To my mind, this final will come down to whether Azarenka can produce her best tennis when it really counts. Not much separates the pair – both have decent serves, move well and can generate tremendous power off both wings, although Azarenka has more variety and consistency off the forehand side. I’ll back Azarenka to shrug off the controversy over her semi-final match to pull through in a hard-fought final. Azarenka in 3.
That’s it for today. Enjoy the tennis and I’ll be back with another serve tomorrow.
January 25, 2013
No. 3 seed Andy Murray reached his third straight grand slam final on Friday in Melbourne, Australia, defeating No. 2 seed Roger Federer in five sets, 6-4, 6-7(5), 6-3, 6-7(2), 6-2.
Needing four hours to survive, Murray dominated Federer in every major statistical category. Hitting 21 aces, winning 75 percent of his first points and more surprisingly 63 percent of his second serve points, Murray remained even-tempered throughout the encounter against the 17-time major winner.
Never defeating Federer in grand slam action prior to their latest contest, Murray will next face top seed Novak Djokovic for the title on Sunday. Djokovic was a straight sets winner over David Ferrer on Thursday evening. Djokovic and Murray have played on 17 occasions with the Serb winning 10 times. The pair have also locked horns twice at the Australian Open, with Djokovic winning both.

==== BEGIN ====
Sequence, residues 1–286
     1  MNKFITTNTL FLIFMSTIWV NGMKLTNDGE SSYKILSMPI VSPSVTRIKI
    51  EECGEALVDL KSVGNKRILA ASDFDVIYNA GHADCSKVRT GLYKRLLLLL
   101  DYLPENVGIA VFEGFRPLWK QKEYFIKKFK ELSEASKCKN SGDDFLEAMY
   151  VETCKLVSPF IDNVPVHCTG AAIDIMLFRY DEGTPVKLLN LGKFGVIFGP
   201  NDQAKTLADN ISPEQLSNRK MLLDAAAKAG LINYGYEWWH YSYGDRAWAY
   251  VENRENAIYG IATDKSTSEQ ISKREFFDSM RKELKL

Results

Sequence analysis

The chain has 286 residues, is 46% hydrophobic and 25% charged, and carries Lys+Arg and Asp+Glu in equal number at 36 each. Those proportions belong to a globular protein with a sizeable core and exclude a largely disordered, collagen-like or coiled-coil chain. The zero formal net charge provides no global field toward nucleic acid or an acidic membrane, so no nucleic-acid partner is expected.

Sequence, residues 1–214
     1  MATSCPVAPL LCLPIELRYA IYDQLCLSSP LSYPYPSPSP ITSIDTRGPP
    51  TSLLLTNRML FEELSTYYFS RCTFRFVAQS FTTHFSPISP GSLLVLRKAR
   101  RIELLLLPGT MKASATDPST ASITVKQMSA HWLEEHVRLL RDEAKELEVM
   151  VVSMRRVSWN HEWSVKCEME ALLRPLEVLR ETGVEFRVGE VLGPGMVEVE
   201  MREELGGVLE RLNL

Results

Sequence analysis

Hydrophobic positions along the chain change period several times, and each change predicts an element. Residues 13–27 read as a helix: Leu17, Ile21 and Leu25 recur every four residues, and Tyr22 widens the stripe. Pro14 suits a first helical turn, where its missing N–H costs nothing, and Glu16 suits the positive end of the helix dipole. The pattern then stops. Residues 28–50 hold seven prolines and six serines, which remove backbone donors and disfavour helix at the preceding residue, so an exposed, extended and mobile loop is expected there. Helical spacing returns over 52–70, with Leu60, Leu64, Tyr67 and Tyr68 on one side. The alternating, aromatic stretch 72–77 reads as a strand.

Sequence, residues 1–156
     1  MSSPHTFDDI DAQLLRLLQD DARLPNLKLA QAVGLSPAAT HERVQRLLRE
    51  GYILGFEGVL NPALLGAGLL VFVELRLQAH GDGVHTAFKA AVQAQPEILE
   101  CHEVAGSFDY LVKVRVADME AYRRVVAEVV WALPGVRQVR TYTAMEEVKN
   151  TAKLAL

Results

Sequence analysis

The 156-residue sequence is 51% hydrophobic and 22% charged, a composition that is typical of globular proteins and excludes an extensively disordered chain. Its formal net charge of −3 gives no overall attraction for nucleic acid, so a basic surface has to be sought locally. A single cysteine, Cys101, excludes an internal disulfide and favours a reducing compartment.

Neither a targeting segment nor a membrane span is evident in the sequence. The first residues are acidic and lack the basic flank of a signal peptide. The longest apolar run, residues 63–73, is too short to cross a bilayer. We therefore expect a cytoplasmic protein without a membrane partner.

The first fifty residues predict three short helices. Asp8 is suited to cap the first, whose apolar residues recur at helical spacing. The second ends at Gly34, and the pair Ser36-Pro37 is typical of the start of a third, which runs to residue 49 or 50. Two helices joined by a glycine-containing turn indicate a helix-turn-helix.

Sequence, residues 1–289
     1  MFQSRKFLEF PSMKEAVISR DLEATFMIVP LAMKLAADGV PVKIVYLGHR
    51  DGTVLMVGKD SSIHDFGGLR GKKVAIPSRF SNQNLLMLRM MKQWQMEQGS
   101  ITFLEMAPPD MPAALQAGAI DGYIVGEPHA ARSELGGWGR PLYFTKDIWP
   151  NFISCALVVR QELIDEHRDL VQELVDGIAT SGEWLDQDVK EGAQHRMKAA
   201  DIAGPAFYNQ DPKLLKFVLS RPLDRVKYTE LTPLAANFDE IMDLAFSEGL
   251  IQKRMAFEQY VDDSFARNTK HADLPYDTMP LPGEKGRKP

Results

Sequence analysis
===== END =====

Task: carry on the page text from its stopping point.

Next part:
January 22, 2013
Defending champion Novak Djokovic reached the semifinals of the Australian Open on Tuesday, defeating No. 5 seed Tomas Berdych 6-1, 4-6, 6-1, 6-4. Showing no ill effects from his five set marathon with Stanislas Wawrinka in the previous round, Djokovic will next face David Ferrer for a spot in the finals. Ferrer won his 500th career match and improved to 13-0 against Nicolas Almagro by dismissing his countryman, 4-6, 4-6, 7-5, 7-6(4), 6-2. Almagro, who served for the match on three separate occasions, has never made it past the final eight in a major. Djokovic and Ferrer have met on 14 occasions, with the Serb leading their head-to-head 9-5.